Wednesday, September 2nd at 9:45 am we’ll hike at Rancho San Antonio in Cupertino/Los Altos Hills. We’ll do an almost entirely paved, flat path going to the farm, and possibly go past it. The road is perfect for trikes or bikes, if toddlers or young children want to ride. Any baby transport will work. Meet at the main lower parking lot at the water fountain in front of the bathrooms(just past the entrance, turn right, then follow the road until it ends). For more information or directions, see the Rancho San Antonio Page ( Sorry, dogs not allowed. This hike is at least half shaded. Lisa and little Samuel will lead this hike. If you’re running late, call Lisa at 650-892-8678.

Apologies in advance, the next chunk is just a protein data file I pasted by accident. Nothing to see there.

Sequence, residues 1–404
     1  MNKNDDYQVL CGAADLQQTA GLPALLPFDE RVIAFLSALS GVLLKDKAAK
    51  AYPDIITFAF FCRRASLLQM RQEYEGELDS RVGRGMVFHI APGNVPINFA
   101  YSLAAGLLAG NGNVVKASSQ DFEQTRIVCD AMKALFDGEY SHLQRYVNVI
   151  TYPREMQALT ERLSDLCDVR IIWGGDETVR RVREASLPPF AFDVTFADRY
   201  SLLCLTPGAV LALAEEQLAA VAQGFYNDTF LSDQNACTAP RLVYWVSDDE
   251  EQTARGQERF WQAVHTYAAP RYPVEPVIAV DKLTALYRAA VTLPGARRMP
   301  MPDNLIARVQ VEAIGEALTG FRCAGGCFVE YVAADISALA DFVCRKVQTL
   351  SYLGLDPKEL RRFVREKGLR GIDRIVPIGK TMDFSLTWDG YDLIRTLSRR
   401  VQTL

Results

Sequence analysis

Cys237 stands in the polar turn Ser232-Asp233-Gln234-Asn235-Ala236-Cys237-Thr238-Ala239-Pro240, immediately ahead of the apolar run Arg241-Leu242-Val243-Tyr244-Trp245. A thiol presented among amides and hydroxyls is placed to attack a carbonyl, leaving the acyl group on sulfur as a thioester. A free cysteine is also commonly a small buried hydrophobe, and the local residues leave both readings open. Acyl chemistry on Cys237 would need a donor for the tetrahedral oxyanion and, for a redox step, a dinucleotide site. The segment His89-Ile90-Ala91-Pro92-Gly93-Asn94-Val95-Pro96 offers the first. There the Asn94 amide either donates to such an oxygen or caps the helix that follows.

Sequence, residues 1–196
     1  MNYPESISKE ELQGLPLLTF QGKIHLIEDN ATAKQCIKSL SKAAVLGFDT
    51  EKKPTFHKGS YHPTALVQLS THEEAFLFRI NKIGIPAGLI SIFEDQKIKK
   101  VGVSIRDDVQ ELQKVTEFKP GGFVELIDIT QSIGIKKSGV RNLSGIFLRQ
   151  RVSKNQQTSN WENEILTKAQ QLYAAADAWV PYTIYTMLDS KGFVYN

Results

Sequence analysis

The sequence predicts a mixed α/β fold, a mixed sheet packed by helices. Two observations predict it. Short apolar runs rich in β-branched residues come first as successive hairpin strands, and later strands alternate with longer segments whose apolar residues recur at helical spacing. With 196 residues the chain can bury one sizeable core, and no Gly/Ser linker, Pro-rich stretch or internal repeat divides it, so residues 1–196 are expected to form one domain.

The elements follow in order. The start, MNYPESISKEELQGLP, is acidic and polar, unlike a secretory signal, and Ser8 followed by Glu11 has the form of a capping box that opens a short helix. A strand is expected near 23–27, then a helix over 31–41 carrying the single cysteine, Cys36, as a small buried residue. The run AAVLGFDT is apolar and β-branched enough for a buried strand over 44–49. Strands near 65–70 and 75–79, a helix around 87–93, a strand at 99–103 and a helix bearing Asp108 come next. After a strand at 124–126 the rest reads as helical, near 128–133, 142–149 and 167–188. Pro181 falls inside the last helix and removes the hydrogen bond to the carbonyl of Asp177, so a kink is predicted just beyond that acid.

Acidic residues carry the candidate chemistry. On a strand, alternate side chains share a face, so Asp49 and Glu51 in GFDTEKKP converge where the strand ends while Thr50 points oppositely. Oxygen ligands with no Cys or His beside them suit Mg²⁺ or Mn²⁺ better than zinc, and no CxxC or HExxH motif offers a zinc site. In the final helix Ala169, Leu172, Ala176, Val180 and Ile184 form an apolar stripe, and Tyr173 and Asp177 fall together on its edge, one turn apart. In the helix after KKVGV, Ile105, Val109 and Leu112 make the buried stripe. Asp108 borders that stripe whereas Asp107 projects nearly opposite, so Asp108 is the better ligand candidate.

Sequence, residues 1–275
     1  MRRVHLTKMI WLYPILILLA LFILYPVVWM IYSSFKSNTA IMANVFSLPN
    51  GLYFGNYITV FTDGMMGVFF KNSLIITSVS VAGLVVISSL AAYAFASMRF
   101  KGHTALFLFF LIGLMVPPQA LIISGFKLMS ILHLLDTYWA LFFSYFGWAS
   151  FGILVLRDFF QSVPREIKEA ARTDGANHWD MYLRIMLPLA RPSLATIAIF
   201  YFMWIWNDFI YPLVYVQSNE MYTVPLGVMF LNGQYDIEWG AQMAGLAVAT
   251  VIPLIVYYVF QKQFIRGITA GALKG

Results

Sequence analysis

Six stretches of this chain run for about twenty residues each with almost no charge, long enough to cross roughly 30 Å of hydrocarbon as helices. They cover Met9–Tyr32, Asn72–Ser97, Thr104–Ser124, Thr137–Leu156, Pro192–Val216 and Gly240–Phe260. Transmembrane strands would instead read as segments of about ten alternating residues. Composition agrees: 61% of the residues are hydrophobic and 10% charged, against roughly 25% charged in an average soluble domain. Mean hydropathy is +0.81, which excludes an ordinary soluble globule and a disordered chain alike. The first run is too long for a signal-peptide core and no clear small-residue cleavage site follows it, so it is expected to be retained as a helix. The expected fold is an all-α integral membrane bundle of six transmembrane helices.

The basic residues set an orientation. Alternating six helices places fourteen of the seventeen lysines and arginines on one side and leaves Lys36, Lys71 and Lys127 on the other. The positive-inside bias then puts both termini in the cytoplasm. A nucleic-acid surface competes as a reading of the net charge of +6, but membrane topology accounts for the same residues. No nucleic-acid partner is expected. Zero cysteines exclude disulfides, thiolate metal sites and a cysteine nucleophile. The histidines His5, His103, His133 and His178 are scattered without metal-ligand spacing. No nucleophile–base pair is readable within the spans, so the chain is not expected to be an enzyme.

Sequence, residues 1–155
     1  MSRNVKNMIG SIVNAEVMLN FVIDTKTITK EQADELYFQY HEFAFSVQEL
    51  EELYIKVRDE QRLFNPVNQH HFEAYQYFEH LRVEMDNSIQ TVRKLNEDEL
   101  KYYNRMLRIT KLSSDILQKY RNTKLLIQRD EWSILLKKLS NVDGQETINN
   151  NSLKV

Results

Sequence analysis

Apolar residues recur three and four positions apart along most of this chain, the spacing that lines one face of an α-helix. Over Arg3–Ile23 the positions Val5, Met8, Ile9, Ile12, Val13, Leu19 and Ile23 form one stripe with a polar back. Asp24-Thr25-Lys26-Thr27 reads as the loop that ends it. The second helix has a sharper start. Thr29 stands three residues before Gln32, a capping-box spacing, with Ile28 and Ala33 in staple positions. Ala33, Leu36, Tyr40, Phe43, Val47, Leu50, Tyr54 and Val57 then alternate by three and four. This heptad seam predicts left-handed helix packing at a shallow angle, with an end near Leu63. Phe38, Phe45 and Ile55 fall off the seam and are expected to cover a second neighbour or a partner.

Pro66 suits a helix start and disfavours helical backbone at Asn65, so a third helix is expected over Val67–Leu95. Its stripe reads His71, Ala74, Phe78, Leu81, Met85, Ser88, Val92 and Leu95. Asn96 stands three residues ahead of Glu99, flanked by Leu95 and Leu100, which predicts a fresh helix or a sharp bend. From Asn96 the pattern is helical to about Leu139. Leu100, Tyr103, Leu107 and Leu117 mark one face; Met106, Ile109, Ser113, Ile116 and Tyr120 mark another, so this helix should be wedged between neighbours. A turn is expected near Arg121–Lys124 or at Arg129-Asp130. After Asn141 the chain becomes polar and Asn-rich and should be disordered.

Thursday, September 3rd at 4:30 pm join Debbie and little Max for a Toddler Trek at Ed Levin County Park in Milpitas. We’ll encourage toddlers to run, walk, and explore as we hike around Spring Valley Pond along Nature Trail. We’ll talk about fishing and the role of fish in this ecosystem, where ducks and zooplankton are prevalent. To get there, take Hwy 680 East and exit at Calaveras Road, then follow signs to the park. Park at the far end of the parking lot to the right of the ranger office/visitor center, then meet near the trailhead for Nature Trail. Bring a few dollars to pay for parking. If you are running late, call Debbie at 650-776-1082. This is a Santa Clara County Healthy Trails ( outing.